Normal Life

Politics today is depressing, but is it any more depressing than our everyday existence? I would argue that the need to stay politically engaged in this moment might be the last, best defense against people falling into hopeless despair right now. Absent the election little more than 60 days away — and actually starting much sooner with mail in ballots and early voting — we would watch these events unfold as helpless spectators.

Given these circumstances, I have great respect for people who go beyond their democratic privileges to speak out against injustice as it’s unfolding. I firmly believe that changing power in Washington has the potential to make a tremendous impact in our lives, but it’s a grave error to believe that any person will save us from the world we’re now confronting. It’s so easy to fall back into self-deception and cynicism. It takes courage to stand up and say enough and, yes, keep up the pressure on the candidates we vote for as well.

That makes the events this week even more potentially dispiriting. Two people exercising their rights of free speech — albeit after curfew — were gunned down by a minor toting an automatic weapon. And the reaction on this from the right was to praise this murderer. I have no words for this.

I wrote a three part series recently on “Taxi Driver” and did quite a bit of soul searching about my own reaction to the film through the years. I have, at times, voiced the opinion that Travis Bickle’s actions were justified in the face of police indifference to the horrors being perpetuated. I have since walked away from that opinion. But I need to point out that Bickle went on a murderous rampage to kill pimps and johns of young girls. There’s room for debate on whether extreme action is justified to put an end to such inhumanity.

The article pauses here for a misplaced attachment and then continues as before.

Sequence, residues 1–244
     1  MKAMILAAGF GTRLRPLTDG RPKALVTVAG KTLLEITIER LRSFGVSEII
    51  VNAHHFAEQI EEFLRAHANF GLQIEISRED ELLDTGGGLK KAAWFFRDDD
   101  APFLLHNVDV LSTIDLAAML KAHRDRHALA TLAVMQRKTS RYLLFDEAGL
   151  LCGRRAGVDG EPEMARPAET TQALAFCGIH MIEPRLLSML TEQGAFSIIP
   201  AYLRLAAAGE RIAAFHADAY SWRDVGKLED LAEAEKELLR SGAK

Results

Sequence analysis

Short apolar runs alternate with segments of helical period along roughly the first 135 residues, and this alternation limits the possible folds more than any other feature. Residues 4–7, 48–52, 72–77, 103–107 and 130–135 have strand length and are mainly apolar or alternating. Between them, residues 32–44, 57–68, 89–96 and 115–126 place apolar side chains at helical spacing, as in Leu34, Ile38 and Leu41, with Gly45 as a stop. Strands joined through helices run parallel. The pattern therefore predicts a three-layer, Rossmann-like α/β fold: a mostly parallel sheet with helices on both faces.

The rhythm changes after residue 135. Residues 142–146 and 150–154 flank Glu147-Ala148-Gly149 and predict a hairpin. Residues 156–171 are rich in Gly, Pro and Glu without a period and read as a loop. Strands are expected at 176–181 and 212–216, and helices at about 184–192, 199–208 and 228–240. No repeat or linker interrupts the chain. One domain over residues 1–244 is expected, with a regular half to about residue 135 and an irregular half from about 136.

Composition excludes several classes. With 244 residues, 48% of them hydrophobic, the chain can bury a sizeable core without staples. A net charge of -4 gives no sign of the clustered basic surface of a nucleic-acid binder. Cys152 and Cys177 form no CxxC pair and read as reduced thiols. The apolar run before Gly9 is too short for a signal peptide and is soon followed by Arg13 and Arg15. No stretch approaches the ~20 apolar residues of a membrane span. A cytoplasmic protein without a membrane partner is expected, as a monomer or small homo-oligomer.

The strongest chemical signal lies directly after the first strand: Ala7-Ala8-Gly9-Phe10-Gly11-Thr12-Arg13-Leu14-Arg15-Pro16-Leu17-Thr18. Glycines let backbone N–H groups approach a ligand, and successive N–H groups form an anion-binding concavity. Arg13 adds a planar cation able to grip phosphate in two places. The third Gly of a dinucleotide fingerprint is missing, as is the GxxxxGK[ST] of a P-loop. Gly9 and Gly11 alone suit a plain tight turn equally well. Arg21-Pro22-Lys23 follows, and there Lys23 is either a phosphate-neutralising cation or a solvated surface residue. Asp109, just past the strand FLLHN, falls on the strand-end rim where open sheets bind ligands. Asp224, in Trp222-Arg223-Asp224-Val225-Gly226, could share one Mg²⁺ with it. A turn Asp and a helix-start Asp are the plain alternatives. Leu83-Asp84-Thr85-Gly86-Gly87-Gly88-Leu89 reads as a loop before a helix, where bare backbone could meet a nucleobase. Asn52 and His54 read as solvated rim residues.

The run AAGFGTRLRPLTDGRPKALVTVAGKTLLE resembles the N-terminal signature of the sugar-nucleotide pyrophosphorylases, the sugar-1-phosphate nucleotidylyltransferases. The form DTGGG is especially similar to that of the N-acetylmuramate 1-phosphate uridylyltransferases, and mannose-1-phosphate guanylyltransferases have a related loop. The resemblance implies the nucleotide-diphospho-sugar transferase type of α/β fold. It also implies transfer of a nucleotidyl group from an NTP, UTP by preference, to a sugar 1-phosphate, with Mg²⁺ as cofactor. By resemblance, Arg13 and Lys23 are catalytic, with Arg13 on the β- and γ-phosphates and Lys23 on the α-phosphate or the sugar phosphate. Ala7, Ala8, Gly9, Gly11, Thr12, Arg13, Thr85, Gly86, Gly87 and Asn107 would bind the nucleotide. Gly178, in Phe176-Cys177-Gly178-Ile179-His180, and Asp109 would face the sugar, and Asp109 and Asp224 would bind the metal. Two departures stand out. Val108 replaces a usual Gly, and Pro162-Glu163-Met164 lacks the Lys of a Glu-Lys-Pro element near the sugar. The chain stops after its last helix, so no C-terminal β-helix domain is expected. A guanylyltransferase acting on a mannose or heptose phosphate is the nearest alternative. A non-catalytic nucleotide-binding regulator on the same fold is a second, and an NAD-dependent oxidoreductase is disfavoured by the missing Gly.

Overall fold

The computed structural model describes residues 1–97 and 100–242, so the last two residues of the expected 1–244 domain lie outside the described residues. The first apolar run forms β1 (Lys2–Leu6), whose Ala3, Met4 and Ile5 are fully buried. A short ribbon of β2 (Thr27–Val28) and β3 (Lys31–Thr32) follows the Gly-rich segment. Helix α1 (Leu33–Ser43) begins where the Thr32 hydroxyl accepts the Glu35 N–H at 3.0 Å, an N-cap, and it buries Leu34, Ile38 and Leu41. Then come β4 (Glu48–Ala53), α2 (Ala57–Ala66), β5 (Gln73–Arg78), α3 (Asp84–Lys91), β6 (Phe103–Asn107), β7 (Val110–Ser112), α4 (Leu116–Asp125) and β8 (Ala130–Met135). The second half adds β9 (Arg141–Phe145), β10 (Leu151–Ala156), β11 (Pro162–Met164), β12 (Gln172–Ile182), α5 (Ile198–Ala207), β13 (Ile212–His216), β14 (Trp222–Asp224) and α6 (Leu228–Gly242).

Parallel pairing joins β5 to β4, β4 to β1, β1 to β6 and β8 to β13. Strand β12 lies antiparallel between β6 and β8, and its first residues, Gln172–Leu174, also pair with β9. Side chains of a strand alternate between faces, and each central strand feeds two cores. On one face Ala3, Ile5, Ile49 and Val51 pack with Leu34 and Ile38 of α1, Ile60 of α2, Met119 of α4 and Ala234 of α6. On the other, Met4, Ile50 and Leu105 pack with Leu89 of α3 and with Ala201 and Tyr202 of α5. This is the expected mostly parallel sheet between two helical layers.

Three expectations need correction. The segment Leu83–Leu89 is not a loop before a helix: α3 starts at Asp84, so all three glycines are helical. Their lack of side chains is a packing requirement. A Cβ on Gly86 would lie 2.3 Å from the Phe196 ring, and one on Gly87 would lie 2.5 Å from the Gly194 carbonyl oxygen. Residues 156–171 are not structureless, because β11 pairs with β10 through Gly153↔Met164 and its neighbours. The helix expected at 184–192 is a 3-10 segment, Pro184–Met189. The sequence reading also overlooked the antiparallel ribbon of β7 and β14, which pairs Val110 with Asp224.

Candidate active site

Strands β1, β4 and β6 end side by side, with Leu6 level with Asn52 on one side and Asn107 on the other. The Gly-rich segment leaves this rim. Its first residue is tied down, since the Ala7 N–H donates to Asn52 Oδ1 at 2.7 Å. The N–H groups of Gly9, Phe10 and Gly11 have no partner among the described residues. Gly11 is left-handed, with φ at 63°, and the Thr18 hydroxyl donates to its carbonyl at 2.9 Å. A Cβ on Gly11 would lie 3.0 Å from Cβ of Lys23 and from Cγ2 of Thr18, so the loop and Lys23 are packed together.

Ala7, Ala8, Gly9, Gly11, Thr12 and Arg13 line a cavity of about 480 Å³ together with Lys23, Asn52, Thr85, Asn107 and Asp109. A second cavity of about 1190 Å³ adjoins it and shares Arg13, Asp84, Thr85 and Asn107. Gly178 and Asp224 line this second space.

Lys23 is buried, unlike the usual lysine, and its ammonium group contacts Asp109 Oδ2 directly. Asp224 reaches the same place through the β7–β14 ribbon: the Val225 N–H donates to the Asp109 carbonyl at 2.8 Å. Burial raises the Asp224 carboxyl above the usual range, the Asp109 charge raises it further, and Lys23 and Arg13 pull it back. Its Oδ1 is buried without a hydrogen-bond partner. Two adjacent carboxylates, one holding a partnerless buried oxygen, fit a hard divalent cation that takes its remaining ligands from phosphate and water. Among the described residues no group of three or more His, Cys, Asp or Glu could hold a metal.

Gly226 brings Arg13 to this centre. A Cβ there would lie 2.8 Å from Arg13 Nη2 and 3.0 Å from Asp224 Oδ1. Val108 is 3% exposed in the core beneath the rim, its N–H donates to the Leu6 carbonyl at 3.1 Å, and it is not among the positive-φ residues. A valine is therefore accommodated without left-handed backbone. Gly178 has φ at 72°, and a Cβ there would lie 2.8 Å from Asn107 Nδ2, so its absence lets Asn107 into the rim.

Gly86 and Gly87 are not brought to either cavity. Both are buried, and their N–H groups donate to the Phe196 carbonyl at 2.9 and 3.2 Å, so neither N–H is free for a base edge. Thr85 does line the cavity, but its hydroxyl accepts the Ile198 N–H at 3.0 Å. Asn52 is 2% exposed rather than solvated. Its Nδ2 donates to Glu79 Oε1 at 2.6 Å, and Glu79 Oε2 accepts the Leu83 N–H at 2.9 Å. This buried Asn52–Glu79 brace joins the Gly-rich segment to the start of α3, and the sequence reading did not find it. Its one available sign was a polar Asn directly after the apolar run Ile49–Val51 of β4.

What is the justification for murdering people protesting a police injustice? I cannot fathom anyone believing that “law and order” benefits from vigilantes driving across state lines and using deadly force to defend neighborhoods where they do not live because a curfew has been violated. Absent a nearly religious need some people have to give cover to Donald Trump in all circumstances, I cannot imagine rational human beings freely expressing that sort of opinion.

So we live in dispiriting times. It’s horrific than a man was shot seven times in the back and is now paralyzed. It’s also horrific that a 17-year old felt justified in opening fire on peaceful protesters. And, to me, it’s most horrific of all that there’s even a moral debate about any of this. Forget about the discussion of whether Americans share the same vocabulary or the same set of facts — we apparently don’t even share the same sense of right and wrong anymore.

We carry on amid all this because we have no choice. Despair and withdrawal are luxuries right now, and we have to summon whatever strength and courage we have to keep going. It’s clear by now that there are certain people who want routines and sports and a rising stock market to send us back into complacency and escapism. It’s up to us to declare “not this time” and heed the words of Frederick Douglass: “power concedes nothing without a demand.”

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